This article titled “The men who go to Ukraine looking for a wife then fly home alone and broke” was written by Shaun Walker, for The Guardian on Sunday 6th April 2014 18.00 UTC
These are trying times for Odessa. After the annexation of Crimea, pro-Russian forces are stirring tension in this Black Sea port, and there are weekly standoffs between demonstrators who want to be part of Ukraine and those who want closer ties to Russia. But for all the political and economic chaos that has engulfed Ukraine in the past three months, one industry is still thriving: the internet romance trade.
The economies of several Ukrainian cities are boosted by the surreal and disingenuous online bride business, and Odessa is the biggest hub. It does not take long for a visitor to the city to stumble upon an “international date” – there are legions of western men in town meeting with young women they have met online, usually with the conversation facilitated by a translator. At internet cafes and homes across the city, thousands of women spend hours each day chatting to prospective suitors online.
There is nothing like the prospect of economic hardship to facilitate intercontinental liaisons, and so, far from business drying up in recent months, the romance and “bride” trade is booming. If anything, there are now more western men planning trips to Odessa than there were last year, when I accompanied a “romance tour” to Ukraine for a magazine story. I spent a week in Odessa with 29 men, all of them hoping to find a wife during their trip. They were mainly Americans, but there were also Brits, an Italian and a Saudi on the tour.
I went with a company called Anastasia International, which is no grimy basement operation, but a huge company with a projected revenue last year of $140m (£84m). It has thousands of women in Ukraine and across the world on its books, available for chats and in-person meetings with lonely bachelors across the world looking for a wife.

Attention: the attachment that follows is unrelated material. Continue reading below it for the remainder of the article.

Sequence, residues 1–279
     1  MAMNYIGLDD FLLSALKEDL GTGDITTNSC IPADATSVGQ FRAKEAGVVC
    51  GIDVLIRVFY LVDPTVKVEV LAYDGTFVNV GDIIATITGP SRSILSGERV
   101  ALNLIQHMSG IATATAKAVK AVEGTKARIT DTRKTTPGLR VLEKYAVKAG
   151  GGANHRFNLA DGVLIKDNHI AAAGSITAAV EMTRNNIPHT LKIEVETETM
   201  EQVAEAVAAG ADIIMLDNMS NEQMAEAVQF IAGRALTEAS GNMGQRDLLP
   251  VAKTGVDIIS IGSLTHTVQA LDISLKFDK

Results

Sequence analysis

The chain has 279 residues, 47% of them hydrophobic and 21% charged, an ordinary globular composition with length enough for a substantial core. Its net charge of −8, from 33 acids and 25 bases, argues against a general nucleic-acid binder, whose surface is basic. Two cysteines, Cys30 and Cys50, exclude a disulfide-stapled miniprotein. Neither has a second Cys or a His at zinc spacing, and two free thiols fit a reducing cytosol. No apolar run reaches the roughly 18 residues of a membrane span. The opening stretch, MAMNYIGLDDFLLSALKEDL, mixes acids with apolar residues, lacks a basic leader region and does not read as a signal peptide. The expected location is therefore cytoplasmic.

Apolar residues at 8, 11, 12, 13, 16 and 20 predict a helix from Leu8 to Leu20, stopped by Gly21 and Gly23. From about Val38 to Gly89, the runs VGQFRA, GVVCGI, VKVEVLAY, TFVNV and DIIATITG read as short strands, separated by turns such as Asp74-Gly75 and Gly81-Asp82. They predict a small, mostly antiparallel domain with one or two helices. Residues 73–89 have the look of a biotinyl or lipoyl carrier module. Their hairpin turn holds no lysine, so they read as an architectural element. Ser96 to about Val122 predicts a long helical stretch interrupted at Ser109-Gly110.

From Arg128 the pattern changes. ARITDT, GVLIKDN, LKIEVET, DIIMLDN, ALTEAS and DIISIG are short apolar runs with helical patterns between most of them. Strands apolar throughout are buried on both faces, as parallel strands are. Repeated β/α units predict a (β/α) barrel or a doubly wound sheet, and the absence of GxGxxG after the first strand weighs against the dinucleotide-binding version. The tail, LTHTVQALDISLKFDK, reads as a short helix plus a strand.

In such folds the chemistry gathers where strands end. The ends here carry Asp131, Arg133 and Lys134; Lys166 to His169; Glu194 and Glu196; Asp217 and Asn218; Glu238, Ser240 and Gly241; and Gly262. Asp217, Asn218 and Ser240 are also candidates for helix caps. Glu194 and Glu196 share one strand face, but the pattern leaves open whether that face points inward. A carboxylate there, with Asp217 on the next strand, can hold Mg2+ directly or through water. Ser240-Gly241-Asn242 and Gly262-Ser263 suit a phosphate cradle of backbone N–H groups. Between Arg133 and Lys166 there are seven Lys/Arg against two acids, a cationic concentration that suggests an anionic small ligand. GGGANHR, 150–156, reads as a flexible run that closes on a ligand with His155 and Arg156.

As internet dating has gone mainstream over the past decade, Anastasia is attempting to rebrand what was once called the “mail-order bride” industry as something modern and progressive. This is no longer the preserve of seedy and exploitative men seeking vulnerable women from impoverished backgrounds to work as a longterm sex slave, the marketing suggests. This is “international dating”, a civilised way to find romance without borders.
Except that the branding is still somewhat disturbing. The men pay for every minute they chat online to a woman, something that it becomes clear is a dangerous part of the business model. The company claims on its website that finding a woman in Ukraine is like “dating a model, but with the values of your grandmother”. The men featured in testimonials are sick of western women, whom they insist have forgotten “family values”.
‘This is game time’
Armed with this information, I was fully expecting to spend a week being nauseated by odious men preying on vulnerable women, and there were certainly a few on the trip whose misogyny reached prize-winning levels. But the overall story was far more complex.